So where are we now? The FDA’s medically unnecessary restrictions on medication abortion care are back in place, despite the fact that we are at the height of the pandemic 

How do we fix this mess?  

Thankfully, the FDA under the Biden-Harris Administration CAN take action and we expect them to listen to the scientific evidence and do everything in their power to ensure that these harmful, medically unnecessary restrictions are reversed. First the FDA should suspend the in-person dispensing requirements for medication abortion for the remainder of the public health emergency and second the FDA must look at the science and medical evidence, listen to providers and patients, and revise existing guidance around medication abortion to ensure patients can access the care they need free from unnecessary barriers 

The good news is you can help us get there! Here is how:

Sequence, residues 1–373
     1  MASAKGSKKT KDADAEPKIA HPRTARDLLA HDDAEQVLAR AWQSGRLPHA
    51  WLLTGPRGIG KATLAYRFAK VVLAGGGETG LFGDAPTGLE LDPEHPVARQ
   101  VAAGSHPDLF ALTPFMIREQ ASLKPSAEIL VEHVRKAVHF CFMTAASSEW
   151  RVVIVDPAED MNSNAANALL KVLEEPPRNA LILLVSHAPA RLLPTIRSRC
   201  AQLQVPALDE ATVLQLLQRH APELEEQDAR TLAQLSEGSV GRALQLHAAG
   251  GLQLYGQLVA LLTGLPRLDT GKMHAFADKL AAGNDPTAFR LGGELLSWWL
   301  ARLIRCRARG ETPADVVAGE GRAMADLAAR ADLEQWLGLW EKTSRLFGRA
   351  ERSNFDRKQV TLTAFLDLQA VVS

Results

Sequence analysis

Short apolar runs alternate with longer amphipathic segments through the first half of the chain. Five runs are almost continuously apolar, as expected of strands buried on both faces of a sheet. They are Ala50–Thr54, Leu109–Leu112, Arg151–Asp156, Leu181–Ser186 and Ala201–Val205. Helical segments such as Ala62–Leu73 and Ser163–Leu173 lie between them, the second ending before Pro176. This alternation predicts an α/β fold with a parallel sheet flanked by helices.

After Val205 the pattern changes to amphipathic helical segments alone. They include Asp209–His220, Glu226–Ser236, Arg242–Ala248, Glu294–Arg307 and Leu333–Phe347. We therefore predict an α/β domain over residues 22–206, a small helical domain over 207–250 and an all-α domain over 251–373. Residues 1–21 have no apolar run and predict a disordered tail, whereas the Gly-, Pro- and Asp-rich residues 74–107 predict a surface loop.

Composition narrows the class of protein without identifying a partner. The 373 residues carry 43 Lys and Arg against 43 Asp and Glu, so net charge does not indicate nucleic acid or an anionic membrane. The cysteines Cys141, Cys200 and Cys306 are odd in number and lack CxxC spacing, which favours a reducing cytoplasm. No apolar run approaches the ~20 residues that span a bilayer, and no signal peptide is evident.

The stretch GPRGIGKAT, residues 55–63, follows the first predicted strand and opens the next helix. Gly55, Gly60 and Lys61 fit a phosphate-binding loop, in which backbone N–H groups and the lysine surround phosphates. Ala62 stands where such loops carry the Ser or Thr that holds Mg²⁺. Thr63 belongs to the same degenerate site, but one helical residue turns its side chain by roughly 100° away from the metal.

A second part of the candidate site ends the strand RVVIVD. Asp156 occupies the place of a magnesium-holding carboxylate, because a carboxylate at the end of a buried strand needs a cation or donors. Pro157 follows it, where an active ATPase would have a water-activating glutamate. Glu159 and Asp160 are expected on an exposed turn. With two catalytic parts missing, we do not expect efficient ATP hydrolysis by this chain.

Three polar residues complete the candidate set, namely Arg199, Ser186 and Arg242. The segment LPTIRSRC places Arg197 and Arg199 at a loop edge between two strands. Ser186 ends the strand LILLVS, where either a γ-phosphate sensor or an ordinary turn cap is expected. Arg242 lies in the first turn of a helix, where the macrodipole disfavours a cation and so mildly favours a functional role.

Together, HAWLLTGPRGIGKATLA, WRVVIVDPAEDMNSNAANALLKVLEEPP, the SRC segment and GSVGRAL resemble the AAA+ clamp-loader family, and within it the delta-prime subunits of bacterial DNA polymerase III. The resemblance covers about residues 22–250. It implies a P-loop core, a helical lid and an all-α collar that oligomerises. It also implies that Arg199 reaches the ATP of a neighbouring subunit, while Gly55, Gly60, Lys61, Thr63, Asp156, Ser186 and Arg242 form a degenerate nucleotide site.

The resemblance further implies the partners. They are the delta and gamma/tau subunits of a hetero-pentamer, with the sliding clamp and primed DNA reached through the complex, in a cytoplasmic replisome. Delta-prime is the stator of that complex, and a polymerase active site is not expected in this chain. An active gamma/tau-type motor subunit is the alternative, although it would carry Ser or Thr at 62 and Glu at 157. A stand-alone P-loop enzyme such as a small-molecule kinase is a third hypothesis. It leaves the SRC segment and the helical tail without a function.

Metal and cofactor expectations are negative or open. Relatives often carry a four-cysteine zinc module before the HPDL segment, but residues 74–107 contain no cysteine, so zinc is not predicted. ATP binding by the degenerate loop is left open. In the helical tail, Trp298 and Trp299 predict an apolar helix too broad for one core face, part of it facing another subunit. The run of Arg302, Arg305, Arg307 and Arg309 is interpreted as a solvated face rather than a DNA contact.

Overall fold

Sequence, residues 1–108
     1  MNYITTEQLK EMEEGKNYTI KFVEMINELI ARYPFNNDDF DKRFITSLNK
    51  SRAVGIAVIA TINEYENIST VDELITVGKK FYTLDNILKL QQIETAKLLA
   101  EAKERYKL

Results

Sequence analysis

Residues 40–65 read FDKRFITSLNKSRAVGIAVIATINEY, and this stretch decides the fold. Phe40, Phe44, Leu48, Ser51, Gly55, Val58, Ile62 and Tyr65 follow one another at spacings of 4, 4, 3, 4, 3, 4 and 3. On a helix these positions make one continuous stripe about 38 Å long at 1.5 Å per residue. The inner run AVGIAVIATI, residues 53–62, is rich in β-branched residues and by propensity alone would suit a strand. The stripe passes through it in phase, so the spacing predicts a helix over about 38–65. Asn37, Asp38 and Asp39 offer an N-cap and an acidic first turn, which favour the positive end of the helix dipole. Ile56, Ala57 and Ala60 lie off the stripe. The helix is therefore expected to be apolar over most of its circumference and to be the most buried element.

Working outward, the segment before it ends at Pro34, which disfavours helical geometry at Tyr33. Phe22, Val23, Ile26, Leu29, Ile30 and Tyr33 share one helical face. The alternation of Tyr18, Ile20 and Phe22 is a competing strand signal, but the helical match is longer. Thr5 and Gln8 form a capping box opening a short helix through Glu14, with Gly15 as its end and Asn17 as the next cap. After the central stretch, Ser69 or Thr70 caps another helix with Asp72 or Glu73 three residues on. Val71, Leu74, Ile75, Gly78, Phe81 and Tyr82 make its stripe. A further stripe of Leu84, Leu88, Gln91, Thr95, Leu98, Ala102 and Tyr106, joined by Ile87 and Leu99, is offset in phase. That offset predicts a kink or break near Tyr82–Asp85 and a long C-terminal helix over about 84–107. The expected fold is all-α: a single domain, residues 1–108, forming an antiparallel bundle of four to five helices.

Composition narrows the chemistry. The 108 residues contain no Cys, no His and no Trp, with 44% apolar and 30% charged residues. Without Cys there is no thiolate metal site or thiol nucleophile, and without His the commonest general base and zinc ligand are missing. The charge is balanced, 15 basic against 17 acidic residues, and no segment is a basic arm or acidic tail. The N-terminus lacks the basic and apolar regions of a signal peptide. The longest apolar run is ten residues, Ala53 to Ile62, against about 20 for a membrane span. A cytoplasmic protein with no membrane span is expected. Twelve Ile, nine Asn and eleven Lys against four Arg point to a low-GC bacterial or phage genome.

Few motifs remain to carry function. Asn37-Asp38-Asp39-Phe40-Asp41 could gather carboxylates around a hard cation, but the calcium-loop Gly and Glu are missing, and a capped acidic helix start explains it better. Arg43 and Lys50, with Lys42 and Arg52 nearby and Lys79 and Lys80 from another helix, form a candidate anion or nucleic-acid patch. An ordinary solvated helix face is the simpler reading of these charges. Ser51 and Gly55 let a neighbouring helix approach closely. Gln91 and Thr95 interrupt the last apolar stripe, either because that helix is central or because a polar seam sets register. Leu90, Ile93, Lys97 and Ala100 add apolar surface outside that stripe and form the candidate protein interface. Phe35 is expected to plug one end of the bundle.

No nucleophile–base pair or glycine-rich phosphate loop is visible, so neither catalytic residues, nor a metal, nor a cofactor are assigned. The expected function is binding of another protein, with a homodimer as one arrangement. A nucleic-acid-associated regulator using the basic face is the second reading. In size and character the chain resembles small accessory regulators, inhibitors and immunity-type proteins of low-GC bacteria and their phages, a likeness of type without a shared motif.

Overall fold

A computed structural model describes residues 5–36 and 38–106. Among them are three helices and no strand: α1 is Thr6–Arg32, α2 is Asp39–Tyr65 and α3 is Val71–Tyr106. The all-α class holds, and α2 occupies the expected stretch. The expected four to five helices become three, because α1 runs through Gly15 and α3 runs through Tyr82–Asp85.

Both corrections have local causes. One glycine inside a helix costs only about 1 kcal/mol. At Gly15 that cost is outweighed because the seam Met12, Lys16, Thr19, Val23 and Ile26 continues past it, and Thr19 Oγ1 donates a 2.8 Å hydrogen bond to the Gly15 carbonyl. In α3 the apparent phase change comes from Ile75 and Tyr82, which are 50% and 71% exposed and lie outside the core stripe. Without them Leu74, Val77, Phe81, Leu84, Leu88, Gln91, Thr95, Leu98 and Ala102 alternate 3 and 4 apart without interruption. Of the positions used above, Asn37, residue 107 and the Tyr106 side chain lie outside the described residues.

1. You can sign this petition asking the Biden-Harris Administration to lift restrictions on mifepristone and base FDA decision on science, not politics.   
  2. You can send a postcard to the Biden-Harris Administration urging them to take crucial executive actions to build toward abortion justice!  
  3. You can post on Facebook, tweet, and get your ‘gram on about the importance of access to medication abortionTag us @prhdocs 
  4. Donate to PRH and our partners doing this critical workwe need you in this fight 

Us after we do all of the above:

Read More from PRH:  

  • President and CEO Dr. Jamila Perritt spoke with Rewire about the safety of medication abortion and the negative impact restrictions have on accessing care. 

Thanks for diving into the policy with us! We appreciate all you do to support our work and ensure patients have access to the care they need. Watch for our next blog in April! 

– MiQuel Davies, Assistant Director of Public Policy